Three hundred and ninety-five pounds rests on the barbell in front of Margus Hunt. It’s by far the most weight any athlete has attempted at this practice test. Why would he go so high, knowing that at the Combine, athletes are measured by how many times they can bench 225?
For Hunt, perhaps the answer is “because he can.” Amid a group of massive linemen and linebackers at IMG Academy, Hunt stands a head staller than the rest. It’s a test day, and some athletes are visibly nervous. Hunt shares a laugh with his training partner and spotter, Texas A&M tackle Luke Joeckel, then lowers his back flat onto the bench and grips the bar
Boom! Boom! Boom! Boom! Boom! Hunt pounds out five reps. Without missing a beat, he pulls himself up, lumbers over to a dumbbell rack and continues with his workout, busting out a set of Incline Dumbbell Rows.
Margus Hunt’s rare blend of size and athleticism has NFL teams enamored with his pass rushing potential.
Turns out, Hunt can do a lot of things most athletes only dream of. Born in Estonia, he was a powerful track & field phenom who won gold medals in the discus and shot put at the 2006 World Junior Championships in Beijing. In 2007, he moved to Dallas to enroll at SMU, where he could train under renowned throwing coach Dave Wollman.
But soon after he arrived, men’s track was eliminated as a varsity sport, and Hunt needed to make a choice: change sports or go home. He says, “I was facing the situation of what to do next. Football was really intriguing. The coaches saw me in the weight room during my first year and always talked to me about trying out. There was this anticipation of whether I could play the game.”
The anticipation was that a 6’8”, 277-pound track & field world champion could wreak serious havoc on the football field. And it proved true. The massive Estonian was an impact player on special teams, blocking 17 field goal and extra point attempts—including an NCAA-record nine blocked field goals.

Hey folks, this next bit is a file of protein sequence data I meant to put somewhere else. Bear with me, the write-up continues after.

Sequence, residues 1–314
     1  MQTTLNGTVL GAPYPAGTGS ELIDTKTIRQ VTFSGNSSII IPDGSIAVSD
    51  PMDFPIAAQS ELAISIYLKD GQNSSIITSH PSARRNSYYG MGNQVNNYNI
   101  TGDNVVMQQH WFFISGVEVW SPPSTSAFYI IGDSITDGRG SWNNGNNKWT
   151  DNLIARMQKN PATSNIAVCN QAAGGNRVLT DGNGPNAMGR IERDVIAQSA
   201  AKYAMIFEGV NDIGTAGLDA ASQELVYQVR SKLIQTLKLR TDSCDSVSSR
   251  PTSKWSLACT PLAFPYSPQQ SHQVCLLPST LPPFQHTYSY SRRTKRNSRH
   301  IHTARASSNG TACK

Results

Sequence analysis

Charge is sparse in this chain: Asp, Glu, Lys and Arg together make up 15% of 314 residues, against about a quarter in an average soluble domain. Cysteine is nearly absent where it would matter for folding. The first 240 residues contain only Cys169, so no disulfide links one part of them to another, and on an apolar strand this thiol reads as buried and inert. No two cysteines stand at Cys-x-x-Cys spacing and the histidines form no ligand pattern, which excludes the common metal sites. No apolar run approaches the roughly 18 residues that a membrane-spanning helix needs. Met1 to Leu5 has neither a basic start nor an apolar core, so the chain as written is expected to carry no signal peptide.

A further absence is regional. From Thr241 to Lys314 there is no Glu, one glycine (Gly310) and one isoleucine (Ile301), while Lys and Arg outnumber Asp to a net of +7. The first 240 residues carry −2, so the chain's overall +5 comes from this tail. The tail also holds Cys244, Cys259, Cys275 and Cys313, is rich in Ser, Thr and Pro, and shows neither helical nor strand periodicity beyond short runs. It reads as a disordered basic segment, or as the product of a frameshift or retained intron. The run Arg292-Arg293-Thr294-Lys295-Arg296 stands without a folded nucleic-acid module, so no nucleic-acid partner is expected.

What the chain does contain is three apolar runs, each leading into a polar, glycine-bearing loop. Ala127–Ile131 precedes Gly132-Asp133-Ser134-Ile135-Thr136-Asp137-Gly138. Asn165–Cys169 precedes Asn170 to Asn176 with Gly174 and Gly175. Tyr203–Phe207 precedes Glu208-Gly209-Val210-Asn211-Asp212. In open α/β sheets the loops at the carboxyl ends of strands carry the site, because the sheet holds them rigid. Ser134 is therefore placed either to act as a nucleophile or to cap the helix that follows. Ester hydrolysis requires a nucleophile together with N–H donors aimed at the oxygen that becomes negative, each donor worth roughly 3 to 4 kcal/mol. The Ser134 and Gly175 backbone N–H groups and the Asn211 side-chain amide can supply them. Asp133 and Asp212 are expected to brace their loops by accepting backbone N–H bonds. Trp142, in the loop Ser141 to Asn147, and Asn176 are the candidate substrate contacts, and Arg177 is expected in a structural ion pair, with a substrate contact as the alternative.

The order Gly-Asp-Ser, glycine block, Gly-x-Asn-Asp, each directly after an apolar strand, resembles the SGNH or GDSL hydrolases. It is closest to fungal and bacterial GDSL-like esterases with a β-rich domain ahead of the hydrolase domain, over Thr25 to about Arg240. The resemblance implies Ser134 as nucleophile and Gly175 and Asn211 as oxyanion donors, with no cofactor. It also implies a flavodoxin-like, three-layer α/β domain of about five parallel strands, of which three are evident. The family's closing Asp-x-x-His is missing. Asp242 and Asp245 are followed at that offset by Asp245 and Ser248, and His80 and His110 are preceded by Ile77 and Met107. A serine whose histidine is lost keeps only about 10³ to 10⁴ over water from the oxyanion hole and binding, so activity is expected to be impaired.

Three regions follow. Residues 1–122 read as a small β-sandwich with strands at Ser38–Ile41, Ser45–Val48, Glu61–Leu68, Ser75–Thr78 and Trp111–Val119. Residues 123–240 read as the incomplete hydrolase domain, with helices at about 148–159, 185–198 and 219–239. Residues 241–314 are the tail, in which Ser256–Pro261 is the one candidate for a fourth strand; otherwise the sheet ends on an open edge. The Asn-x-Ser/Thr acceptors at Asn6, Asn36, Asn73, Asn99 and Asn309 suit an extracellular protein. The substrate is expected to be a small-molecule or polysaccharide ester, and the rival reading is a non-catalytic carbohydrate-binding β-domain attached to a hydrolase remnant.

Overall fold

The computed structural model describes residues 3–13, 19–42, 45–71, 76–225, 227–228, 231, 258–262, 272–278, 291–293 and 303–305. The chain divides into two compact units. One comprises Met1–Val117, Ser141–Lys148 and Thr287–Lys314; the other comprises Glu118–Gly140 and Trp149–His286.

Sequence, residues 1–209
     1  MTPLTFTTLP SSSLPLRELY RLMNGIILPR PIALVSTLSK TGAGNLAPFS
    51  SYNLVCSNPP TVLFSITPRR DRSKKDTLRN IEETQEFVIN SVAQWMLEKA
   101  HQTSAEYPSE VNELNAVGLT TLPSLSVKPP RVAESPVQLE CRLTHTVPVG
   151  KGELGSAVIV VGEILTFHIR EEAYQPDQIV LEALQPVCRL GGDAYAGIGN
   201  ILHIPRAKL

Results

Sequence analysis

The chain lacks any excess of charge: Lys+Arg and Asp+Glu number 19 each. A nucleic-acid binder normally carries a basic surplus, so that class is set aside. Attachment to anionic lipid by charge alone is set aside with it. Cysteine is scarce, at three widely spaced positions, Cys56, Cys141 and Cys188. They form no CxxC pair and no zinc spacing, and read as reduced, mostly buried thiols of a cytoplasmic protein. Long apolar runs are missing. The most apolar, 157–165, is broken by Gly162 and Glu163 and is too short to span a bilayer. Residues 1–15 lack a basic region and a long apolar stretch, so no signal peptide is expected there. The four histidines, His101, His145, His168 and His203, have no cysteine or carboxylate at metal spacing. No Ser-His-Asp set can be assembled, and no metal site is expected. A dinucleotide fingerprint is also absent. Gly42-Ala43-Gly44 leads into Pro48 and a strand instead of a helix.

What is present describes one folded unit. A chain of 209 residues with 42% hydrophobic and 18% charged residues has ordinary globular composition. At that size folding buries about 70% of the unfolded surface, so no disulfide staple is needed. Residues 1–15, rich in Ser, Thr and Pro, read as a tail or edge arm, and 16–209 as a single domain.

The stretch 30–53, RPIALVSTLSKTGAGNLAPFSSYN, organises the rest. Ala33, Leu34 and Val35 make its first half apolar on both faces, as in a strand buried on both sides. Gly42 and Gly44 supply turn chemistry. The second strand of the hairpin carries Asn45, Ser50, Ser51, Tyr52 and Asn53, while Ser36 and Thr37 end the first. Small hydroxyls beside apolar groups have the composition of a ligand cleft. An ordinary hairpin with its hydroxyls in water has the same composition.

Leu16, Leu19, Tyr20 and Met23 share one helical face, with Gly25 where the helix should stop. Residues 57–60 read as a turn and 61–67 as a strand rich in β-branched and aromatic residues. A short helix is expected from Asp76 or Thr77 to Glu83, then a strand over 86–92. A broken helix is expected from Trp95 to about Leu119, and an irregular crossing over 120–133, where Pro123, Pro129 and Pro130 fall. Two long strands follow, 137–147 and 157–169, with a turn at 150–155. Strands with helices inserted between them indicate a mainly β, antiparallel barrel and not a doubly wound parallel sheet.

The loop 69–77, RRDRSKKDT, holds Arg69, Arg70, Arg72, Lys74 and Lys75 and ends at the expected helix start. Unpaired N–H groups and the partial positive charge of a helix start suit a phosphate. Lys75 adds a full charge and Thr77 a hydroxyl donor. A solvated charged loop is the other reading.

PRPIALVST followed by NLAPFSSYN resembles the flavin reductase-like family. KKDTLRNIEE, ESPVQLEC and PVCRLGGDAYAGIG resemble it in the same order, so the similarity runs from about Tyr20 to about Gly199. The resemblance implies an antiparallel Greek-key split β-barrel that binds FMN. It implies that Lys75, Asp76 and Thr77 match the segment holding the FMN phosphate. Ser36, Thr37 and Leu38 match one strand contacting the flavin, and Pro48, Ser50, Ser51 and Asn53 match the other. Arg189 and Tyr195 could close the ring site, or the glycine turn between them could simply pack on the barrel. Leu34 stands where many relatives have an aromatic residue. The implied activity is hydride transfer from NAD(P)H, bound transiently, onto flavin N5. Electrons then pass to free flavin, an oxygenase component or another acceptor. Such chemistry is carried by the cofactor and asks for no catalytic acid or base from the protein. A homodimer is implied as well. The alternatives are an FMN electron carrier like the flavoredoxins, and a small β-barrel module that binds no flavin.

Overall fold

But it was Hunt’s potential to rush the passer and blow up plays in the backfield that catapulted him into first-round consideration. At the Combine, the hulking Hunt recorded one of the fastest 40-Yard Dash times among defensive linemen, 4.6 seconds. That’s the same time standout QB Geno Smith ran at the event.
“He’s going to really terrorize quarterbacks,” Seagrave says. “There are very few quarterbacks in this league who are going to be able to outrun him.”
That fast 40 wasn’t even Hunt’s most impressive feat at the Combine. In the 225-pound Bench Test, he rifled off 38 reps—tops among all participants this year. On his approach to the game, Hunt says, “What I can bring is a sense of urgency. I love the physical aspect, being able to be violent on the line of scrimmage and dominate people.”
If Hunt plays at a level anywhere near his physical capability, domination is his destiny.
Photo: Courtesy of IMG Academy